Gene switching at Xenopus laevis metamorphosis

Dev Biol. 2010 Feb 15;338(2):117-26. doi: 10.1016/j.ydbio.2009.10.041. Epub 2009 Nov 5.

Abstract

During the climax of amphibian metamorphosis many tadpole organs remodel. The different remodeling strategies are controlled by thyroid hormone (TH). The liver, skin, and tail fibroblasts shut off tadpole genes and activate frog genes in the same cell without DNA replication. We refer to this as "gene switching". In contrast, the exocrine pancreas and the intestinal epithelium dedifferentiate to a progenitor state and then redifferentiate to the adult cell type. Tadpole and adult globin are not present in the same cell. Switching from red cells containing tadpole-specific globin to those with frog globin in the liver occurs at a progenitor cell stage of development and is preceded by DNA replication. Red cell switching is the only one of these remodeling strategies that resembles a stem cell mechanism.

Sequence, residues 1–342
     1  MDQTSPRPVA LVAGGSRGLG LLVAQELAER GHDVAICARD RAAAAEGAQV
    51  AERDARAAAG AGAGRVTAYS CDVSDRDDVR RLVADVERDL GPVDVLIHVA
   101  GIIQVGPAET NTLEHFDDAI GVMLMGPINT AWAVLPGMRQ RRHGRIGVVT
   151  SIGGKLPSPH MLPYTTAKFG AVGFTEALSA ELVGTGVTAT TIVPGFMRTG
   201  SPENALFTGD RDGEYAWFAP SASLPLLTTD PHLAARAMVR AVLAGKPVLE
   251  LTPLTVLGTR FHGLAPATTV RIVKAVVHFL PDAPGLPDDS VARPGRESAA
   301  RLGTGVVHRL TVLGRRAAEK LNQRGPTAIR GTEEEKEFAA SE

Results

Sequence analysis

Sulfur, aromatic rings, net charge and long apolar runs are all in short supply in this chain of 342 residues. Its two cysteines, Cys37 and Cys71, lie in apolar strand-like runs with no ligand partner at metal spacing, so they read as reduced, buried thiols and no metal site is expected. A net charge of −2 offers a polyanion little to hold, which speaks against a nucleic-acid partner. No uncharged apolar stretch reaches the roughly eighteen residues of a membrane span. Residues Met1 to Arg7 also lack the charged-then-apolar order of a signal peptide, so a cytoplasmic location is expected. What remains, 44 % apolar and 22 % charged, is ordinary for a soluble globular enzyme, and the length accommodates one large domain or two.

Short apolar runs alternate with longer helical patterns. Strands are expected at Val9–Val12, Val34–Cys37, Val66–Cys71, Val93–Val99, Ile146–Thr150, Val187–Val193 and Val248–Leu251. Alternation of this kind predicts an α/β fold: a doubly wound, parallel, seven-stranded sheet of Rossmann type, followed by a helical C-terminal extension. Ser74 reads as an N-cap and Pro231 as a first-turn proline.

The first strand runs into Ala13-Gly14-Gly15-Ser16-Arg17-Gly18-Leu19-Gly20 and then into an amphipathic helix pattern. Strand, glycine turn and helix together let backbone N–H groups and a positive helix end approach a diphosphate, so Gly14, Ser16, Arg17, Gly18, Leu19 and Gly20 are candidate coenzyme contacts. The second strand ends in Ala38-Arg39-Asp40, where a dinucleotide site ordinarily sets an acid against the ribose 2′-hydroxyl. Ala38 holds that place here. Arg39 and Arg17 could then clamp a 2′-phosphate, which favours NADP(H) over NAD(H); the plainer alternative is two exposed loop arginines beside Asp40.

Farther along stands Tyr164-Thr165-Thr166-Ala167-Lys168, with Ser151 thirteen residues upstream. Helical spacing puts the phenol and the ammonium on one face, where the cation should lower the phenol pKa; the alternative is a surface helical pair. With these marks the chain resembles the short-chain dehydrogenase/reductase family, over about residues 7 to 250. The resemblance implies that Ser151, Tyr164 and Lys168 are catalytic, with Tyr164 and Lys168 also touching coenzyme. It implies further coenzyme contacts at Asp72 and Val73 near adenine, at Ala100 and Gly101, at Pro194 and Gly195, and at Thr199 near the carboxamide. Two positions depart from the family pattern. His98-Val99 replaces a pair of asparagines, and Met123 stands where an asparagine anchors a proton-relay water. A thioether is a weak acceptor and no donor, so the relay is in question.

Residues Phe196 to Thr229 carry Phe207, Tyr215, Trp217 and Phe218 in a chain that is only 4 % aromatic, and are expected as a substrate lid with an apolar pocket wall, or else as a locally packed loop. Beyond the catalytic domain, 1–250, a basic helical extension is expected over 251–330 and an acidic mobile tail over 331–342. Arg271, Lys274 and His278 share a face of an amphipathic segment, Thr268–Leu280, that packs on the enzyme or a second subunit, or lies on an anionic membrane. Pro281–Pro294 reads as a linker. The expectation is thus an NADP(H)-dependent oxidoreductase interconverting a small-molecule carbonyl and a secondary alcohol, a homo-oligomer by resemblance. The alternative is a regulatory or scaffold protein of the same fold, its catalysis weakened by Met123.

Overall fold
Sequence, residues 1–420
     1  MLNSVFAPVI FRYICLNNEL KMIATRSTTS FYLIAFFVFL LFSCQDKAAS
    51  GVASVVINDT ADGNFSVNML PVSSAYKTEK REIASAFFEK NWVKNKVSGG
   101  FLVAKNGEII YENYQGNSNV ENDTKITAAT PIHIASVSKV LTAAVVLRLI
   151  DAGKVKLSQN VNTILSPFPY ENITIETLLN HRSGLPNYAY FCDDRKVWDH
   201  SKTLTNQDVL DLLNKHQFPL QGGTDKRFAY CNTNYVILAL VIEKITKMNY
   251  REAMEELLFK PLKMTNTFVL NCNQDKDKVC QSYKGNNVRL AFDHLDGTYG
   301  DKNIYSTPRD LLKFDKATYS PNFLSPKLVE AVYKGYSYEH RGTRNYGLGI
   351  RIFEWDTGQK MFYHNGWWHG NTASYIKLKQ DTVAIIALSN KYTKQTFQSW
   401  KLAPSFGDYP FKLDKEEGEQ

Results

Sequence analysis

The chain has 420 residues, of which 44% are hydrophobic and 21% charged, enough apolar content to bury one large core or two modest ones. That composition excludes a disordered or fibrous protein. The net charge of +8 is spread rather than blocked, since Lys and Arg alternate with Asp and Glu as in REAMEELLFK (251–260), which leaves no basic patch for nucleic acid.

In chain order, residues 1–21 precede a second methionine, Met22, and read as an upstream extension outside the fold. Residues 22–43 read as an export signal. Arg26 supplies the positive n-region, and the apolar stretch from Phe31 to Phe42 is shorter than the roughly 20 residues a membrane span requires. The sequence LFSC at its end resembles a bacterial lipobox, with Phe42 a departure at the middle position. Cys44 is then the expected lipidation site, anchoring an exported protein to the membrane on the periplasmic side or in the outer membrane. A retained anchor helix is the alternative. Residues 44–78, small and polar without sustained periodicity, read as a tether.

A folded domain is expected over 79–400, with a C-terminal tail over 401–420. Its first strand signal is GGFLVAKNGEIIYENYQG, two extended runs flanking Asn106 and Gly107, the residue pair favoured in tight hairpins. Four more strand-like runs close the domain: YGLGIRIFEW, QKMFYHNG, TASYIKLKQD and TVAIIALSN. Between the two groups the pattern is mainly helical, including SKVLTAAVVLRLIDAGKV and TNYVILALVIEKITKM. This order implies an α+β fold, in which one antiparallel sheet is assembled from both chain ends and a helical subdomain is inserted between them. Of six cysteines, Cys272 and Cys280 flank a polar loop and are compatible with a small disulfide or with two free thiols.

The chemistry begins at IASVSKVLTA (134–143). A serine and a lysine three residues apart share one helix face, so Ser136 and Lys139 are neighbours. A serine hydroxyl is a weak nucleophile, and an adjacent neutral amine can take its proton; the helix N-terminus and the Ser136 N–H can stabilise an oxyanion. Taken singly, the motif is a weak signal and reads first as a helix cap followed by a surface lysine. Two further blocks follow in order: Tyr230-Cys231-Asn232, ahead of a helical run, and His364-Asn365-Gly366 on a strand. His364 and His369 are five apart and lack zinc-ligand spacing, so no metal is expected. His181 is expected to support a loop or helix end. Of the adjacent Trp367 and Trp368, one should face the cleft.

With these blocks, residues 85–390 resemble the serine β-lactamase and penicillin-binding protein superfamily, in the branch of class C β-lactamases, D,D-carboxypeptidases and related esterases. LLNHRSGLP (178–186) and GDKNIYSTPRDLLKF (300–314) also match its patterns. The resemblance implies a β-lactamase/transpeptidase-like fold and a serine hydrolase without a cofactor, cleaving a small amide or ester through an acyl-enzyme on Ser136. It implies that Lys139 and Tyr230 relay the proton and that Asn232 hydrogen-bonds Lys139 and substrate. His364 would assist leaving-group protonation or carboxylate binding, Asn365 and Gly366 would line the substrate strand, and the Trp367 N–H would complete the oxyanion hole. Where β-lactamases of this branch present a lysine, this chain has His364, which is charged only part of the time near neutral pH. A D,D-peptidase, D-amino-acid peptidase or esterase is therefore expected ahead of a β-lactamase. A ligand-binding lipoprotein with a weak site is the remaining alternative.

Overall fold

Publication types

  • Research Support, N.I.H., Extramural
  • Research Support, Non-U.S. Gov't

MeSH terms

  • Animals
  • DNA Replication
  • Gene Expression Regulation, Developmental*
  • Genes, Developmental*
  • Globins
  • Larva
  • Liver
  • Metamorphosis, Biological / genetics*
  • Stem Cells
  • Xenopus laevis

Substances

  • Globins